I’ve been so excited to press “publish” on today’s post! Not only is it the first instalment of my interview series, a new, on-going section where I chat with ethical entrepreneurs that I admire, I also get to start by speaking to the award-winning ethical fashion designer, Kate Morris!
Kate has just got back from winning this year’s Redress Design Award, the world’s largest sustainable fashion competition, which saw applications from over 45 countries. The award is led by Redress, a pioneering environmental NGO that has been battling the fashion industry’s systemic issues with pollution and draining natural resources for over 10 years.
Kate was the only British finalist in this year’s awards, and is currently studying fashion design at Nottingham Trent University. Her collection demonstrates the power of a circular economy, applying zero waste principles to create fresh, playful, street-style knitwear – I want to wear all of it! Most impressively, her designs took from textile waste that included end of line yarns and secondhand t-shirts.
Kate will now go on to create a new collection at BYT, a new Hong Kong affordable and ethical luxury brand created by Redress.
1. Congratulations on your win, Kate! How does it feel to win such a prestigious award?
This competition really has been the biggest adventure I have ever been on. Creating my collection has transformed my view of what up-cycling can achieve, the week of the grand finals hugely broadened my mindset and horizons alongside meeting so many fantastic people. Winning first prize has bought me confidence, exposure and the valuable opportunity to work and learn with influential platform brand ‘BYT’ that will enable me to make a change within the industry.
2. What inspired you to look into sustainable fashion and in particular zero-waste production?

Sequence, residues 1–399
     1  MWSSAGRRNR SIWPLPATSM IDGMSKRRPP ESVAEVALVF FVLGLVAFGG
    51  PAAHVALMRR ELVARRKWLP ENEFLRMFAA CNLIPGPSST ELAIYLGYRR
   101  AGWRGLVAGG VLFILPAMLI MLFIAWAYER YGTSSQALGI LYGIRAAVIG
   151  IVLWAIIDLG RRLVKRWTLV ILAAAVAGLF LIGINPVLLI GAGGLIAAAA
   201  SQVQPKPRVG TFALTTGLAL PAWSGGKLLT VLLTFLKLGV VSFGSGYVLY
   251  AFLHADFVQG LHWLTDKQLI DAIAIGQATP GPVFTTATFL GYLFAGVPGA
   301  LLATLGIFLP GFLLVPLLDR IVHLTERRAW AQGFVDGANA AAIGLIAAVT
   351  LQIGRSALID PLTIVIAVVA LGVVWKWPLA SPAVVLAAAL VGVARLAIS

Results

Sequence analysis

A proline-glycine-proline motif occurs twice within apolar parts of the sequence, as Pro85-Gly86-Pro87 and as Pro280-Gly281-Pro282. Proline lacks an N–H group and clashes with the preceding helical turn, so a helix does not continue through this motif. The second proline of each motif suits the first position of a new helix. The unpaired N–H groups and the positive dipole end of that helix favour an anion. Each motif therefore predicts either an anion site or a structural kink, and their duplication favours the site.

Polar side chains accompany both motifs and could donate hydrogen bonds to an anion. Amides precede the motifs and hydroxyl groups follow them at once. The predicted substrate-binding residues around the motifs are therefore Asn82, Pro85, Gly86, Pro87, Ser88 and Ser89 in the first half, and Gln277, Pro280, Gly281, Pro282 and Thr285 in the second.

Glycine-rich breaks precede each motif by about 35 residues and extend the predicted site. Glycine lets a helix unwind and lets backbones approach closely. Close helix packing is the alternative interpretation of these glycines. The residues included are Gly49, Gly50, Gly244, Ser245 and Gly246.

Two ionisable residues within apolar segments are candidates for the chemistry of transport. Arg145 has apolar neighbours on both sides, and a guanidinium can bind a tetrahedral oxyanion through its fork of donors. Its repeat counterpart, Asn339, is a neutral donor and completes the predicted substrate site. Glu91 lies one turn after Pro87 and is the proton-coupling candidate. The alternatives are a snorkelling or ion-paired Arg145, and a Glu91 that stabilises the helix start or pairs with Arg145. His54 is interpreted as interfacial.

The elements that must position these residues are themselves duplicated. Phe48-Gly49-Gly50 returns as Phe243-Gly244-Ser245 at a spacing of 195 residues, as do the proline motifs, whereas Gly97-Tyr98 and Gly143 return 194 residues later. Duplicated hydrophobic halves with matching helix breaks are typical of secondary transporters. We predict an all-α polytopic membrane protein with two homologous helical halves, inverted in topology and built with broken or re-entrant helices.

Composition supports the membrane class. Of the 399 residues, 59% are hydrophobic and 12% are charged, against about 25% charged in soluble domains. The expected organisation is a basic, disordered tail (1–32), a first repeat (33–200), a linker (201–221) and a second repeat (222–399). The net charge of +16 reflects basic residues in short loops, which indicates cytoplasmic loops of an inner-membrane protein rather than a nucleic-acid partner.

My desire to design fashion coincided with the Rana Plaza disaster, this really woke me up to how critical the problems were in the fashion industry and I wanted to be a part of changing this. Watching the ‘True Cost’ documentary and attending a lecture by Orsola de Castro made me more aware of the scale of waste in the industry and I wanted to challenge myself to use the zero-waste credentials of knitwear production to its full potential.
3. What are your predictions for the future of ethical and sustainable fashion?
I predict that sustainable fashion design will become the normal practice and any brand who is not following this will not last very long. Consumers will keep demanding to know more about their clothing and tighter regulations will be put in place for more ethical manufacturing. I think both technology and traditional craft hold important roles in the future of sustainable fashion.
4. Are you looking forward to seeing how your collection will be translated into a line for BYT?
I’m so excited to have the opportunity to apply my design practices to working in the industry. To be able to take my collection principles further through this exciting platform and to learn about sustainable manufacturing on a larger scale is an incredible opportunity for me. I am in awe of what BYT has achieved so far and feel very lucky to be a part of continuing their mission.
5. Finally, what have you got planned next and how can we follow you online?
After returning to Hong Kong to work with BYT I hope to continue to help change attitudes within the fashion industry and I plan to launch my own knitwear brand called CROP, all made from sustainable plant fibres. You can follow me online at my website: www.wearecrop.com and Instagram: crop_uk